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Patterns of CO₂ exchange and productivity of the herbaceous vegetation and trees in a humid savanna in western Kenya

Title data

Otieno, Dennis O. ; Ondier, Joseph O. ; Arnhold, Sebastian ; Okach, Daniel ; Ruidisch, Marianne ; Lee, Bora ; Kolb, Andreas ; Onyango, John C. ; Huwe, Bernd:
Patterns of CO₂ exchange and productivity of the herbaceous vegetation and trees in a humid savanna in western Kenya.
In: Plant Ecology. Vol. 216 (23 September 2015) Issue 10 . - pp. 1441-1456.
ISSN 1573-5052
DOI: https://doi.org/10.1007/s11258-015-0523-3

Abstract in another language

Factors governing the dynamics between woody and herbaceous vegetation in the savanna are of ecological interest since they determine ecosystem productivity and stability. Field measurements were conducted in a humid savanna in the Lambwe valley, western Kenya, to compare CO₂ exchange of the herbaceous vegetation and trees and its regulation. Soil characteristics and root distribution patterns under tree canopies and in the open locations dominated by the herbaceous vegetation were profiled in 1-m-deep soil layers. Soil water content (SWC) was measured at 30 cm depth both in the herbaceous vegetation and also under the tree canopies. The mean maximum monthly gross primary production (GPPmax) in the herbaceous vegetation was determined from chamber measurements, while daily GPP (GPPday) in both the grass and tree canopies was simulated using the PIXGRO model. The highest mean GPPmax in the herbaceous vegetation was 26.2 ± 3.7 μmol m-2 s-1 during April. Seasonal fluctuations of GPP in the herbaceous vegetation were explained by soil water availability (R2 = 0.78) within the upper 30-cm soil profile. Seasonal GPPday fluctuations were larger (between 1 gC m-2 d-1 and 10 gC m-2 d-1) in the herbaceous vegetation compared to the trees, which fluctuated around 4.3 ± 0.3 gC m-2 d-1 throughout most of the measurement period. Daily tree canopy transpiration (Ec), canopy conductance (Gc), and GPPday were decoupled from SWC in the top 30-cm soil profile. On average, ecosystem GPPday (mean of tree and herbaceous vegetation) was 14.3 ± 1.2 gC m-2 d-1 during the wet period and 6.1 ± 0.9 gC m-2 d-1 during drought. Differences between the herbaceous and tree canopy responses were attributed to soil moisture availability.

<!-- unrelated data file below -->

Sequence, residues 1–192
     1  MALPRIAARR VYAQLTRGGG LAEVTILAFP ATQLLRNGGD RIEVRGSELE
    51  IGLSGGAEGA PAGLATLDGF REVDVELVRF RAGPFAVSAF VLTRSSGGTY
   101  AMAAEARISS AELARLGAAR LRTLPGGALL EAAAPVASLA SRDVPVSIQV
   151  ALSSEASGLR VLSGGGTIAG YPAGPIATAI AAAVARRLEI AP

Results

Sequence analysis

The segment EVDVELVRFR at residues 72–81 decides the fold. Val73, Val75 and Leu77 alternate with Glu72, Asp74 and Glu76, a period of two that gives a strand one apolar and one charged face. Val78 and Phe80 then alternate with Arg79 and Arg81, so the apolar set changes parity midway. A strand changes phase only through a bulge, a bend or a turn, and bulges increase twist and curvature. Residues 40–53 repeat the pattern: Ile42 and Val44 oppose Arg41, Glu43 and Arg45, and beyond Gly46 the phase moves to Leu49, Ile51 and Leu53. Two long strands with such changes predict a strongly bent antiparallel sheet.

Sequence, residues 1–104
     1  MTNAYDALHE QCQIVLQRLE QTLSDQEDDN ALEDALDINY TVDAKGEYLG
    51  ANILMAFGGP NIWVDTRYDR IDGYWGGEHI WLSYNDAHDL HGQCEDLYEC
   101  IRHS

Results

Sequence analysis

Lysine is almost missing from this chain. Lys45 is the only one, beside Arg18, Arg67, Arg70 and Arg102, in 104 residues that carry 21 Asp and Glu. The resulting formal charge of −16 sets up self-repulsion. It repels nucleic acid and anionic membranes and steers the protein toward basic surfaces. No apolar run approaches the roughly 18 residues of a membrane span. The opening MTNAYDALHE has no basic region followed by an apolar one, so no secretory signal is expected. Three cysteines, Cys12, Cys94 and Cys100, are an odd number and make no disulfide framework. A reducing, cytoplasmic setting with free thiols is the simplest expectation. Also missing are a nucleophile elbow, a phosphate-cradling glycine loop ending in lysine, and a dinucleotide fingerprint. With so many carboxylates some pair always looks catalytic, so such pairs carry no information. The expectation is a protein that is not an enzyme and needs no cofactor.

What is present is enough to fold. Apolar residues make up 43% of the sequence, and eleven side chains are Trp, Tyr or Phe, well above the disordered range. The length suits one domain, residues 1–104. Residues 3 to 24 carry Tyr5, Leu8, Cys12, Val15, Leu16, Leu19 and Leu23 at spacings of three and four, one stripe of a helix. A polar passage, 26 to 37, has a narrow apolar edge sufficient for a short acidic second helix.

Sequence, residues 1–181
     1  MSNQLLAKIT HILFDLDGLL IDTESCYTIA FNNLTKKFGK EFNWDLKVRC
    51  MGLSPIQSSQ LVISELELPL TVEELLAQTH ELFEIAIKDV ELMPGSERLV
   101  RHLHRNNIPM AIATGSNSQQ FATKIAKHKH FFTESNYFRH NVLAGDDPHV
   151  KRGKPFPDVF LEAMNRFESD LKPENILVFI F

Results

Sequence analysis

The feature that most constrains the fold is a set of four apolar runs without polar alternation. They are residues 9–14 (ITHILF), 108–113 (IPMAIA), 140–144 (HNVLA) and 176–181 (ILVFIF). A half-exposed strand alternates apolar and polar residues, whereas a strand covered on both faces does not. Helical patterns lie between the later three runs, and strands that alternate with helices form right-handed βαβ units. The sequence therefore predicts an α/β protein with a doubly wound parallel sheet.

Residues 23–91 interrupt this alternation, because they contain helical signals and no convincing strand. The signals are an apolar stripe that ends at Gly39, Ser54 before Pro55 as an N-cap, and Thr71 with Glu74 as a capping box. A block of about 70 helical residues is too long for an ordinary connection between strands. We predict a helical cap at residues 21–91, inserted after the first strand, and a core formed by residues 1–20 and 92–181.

Further data

Item Type: Article in a journal
Refereed: Yes
Keywords: Canopy conductance; Canopy transpiration; Gross primary production; Hydraulic lift; Humid savanna; Soil water availability
Institutions of the University: Faculties > Faculty of Biology, Chemistry and Earth Sciences > Department of Earth Sciences > Professorship Ecological Services > Professorship Ecological Services - Univ.-Prof. Dr. Thomas Köllner
Faculties
Faculties > Faculty of Biology, Chemistry and Earth Sciences
Faculties > Faculty of Biology, Chemistry and Earth Sciences > Department of Earth Sciences
Faculties > Faculty of Biology, Chemistry and Earth Sciences > Department of Earth Sciences > Professorship Ecological Services
Result of work at the UBT: Yes
DDC Subjects: 500 Science > 550 Earth sciences, geology
Date Deposited: 02 Jun 2017 10:06
Last Modified: 05 Oct 2018 08:37
URI: https://eref.uni-bayreuth.de/id/eprint/37377